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Backup your Business

Backup your Business

Backing up business data is a bit like exercising. While the need for doing it is obvious, we don’t always give it the attention or follow-through it deserves. As a technology consultant, I see varying degrees of effectiveness with regard to backup solutions being implemented by businesses. Because each business is as unique as the individuals who own and run it, it is imperative that each business utilizes a backup system that makes sense for them. To understand what is best for your business, it is important to have at least a general overview of the types of backup available.



In 2006 ZDNet ran an article with the headline, “Are Tape Backup Systems Obsolete?” Seven years later I am still shocked when I perform a business continuity audit and find that tapes are being used as the only form of backup for a particular business. Tapes are old, slow, expensive, and they break down. There are types of tapes and tape drives that work great and will last a long time. If your business happens to have a more sophisticated setup, it is probably fine—for now. However, I would be remiss to encourage anyone to invest in tape technology today, and under no circumstances should it be the only backup media being used. I would also strongly encourage moving away from tape backups to a more reliable and more cost effective form of backup as soon as your budget permits.


External Drives

External hard drives, either in the form of Universal Storage Bus (USB) or Network Attached Storage (NAS), are by far the least expensive, most versatile, most reliable and simplest of the backup devices to use. There are several models of USB drives that ship with some form of backup software included, making it very easy to setup and use. NAS devices allow you to have a shared backup destination on your network for multiple computers or servers and often include a form of redundancy resulting in your backups being safer. Just to be clear, backup is different from redundancy. These terms are often confused. Redundancy is what you put in place to prevent a disaster from occurring, while backup is what you rely on to recover from a disaster. An example of redundancy would be mirrored hard drives. One hard drive would hold a copy of all of the same data as the other—so in the event that one hard drive should fail, the other is ready to go, eliminating downtime. NAS devices are best utilized by businesses that have multiple computers or servers with mission critical data. USB drives are best suited for business with one or a couple of computers requiring backup.


Other Media Types

While CDs and DVDs are very inexpensive, and most new computers include a DVD/CD burner, their size limit and reliance on the “human element” to burn them, label them, eject them and properly store them force me to put them on the bottom of the list of potential backup destinations for most businesses. Flash drives are better in that you can get them in much larger sizes and they are extremely portable. Because most computers support them as soon as you connect them, your backup can be as easy as dragging and dropping a copy of your files to your flash drive. Since they behave like a regular drive, most backup programs will recognize them as a valid backup destination, too.  Flash drives, like DVDs, are a good fit if you have very little data to backup.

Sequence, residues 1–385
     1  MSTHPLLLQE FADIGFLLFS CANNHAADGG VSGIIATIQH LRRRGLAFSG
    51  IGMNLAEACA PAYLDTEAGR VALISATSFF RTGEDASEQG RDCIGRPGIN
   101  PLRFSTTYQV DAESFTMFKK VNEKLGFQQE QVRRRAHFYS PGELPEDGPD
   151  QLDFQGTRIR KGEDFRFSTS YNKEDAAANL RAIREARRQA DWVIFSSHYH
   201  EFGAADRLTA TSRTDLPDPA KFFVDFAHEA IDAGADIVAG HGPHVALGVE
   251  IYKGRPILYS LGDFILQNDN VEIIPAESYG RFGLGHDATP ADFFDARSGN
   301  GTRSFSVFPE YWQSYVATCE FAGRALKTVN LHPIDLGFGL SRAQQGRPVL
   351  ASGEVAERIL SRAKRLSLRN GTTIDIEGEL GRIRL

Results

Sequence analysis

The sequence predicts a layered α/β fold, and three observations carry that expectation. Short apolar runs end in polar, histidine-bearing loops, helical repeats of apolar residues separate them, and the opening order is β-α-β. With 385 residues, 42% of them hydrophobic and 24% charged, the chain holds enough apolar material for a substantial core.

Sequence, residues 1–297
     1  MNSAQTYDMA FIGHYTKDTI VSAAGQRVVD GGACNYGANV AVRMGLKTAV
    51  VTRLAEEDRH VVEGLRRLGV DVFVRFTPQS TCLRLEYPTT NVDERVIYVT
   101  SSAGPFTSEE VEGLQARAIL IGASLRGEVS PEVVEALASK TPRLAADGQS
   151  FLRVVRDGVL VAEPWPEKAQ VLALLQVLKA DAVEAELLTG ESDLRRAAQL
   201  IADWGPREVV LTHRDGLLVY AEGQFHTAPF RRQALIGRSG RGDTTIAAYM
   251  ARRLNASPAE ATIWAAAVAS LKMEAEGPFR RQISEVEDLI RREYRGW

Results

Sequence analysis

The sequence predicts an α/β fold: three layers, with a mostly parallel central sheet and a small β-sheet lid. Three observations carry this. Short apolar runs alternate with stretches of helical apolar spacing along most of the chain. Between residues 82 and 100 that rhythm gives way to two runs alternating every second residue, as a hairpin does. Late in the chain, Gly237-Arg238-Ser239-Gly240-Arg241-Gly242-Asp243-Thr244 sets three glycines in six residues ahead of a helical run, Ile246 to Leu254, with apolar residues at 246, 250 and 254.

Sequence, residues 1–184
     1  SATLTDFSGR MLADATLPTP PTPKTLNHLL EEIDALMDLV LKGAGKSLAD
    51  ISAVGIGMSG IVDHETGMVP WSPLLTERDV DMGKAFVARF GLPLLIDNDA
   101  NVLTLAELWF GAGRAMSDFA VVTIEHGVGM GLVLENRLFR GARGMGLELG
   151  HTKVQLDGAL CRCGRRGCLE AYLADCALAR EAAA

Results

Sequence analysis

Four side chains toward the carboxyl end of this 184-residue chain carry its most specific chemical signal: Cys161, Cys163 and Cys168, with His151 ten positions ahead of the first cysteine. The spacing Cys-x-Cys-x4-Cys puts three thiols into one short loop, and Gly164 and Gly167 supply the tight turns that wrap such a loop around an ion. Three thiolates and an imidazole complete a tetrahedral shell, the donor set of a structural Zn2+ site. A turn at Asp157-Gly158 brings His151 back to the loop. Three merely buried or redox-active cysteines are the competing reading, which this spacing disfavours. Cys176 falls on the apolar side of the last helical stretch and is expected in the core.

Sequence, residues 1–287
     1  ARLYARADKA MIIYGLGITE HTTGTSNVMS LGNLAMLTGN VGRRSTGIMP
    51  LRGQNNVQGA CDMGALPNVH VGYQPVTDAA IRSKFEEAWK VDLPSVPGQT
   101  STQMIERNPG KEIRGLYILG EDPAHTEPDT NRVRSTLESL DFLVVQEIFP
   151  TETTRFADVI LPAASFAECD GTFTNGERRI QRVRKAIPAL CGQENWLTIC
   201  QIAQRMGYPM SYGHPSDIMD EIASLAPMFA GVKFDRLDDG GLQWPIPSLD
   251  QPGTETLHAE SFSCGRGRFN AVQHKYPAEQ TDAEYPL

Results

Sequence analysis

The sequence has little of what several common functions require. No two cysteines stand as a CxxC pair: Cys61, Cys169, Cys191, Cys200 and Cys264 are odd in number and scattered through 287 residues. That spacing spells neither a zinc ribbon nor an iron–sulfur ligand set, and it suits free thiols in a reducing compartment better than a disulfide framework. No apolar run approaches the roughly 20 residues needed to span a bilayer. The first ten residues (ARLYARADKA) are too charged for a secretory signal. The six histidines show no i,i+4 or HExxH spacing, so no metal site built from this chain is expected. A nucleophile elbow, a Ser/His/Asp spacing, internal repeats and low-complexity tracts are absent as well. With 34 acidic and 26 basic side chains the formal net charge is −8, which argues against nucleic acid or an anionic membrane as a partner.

Cloud/Off-site/Remote Backup

Those in the technology community can appreciate the difference between cloud storage, off-site data protection and remote backup, but for our purposes I am going to lump them together. The point of all of these is to have a copy of your data away from your place of business—should something happen to your business. Think in terms of disaster such as flood, fire, theft, etc. What good is it if your company’s financial data is backed up to an external drive that is under six feet of water? Technically, taking any of the above mentioned to a different location is making your backup “off-site,” and for a small business that has limitations (budget, internet speeds, man-power, etc.) that may be sufficient. But with the numerous choices, and ease of use of backup solutions that store your data in the cloud, it likely makes more sense to utilize an automatic system (eliminating the chance that you forget to take your external drive home the weekend the tornado rips your office apart). The cost to utilize this form of backup is low as well. I recently came across an ad for a major off-site backup provider offering unlimited backup to their cloud for as low as $3.96 per month.  If your business has multiple locations, you can utilize backup software that will backup from one location to the other, eliminating the need to pay for storage in someone else’s cloud.

See Also


Great – now what?

Now that you know the different options out there, you need to decide on where you will put your data, and then design a system to get it there. Do you need to backup all files every day? Or would weekly differential backups work? Should you create an image that can be virtualized in the event your server fails? And what software do you use to do all this? You will need to think in terms of risk when designing this system. There are many options and so I would encourage you to work with your technology partner or IT department to ensure which plan makes the most sense, works with your system and provides you with the backup you need to keep your business running in the event of disaster.



Michael Remer is the president of ComputerCare, LLC, a business he runs with his wife, Heather. ComputerCare is a local company offering businesses-mission focused technology solutions. Michael is a long-term resident of Gainesville and has almost 20 years of experience in information technology.

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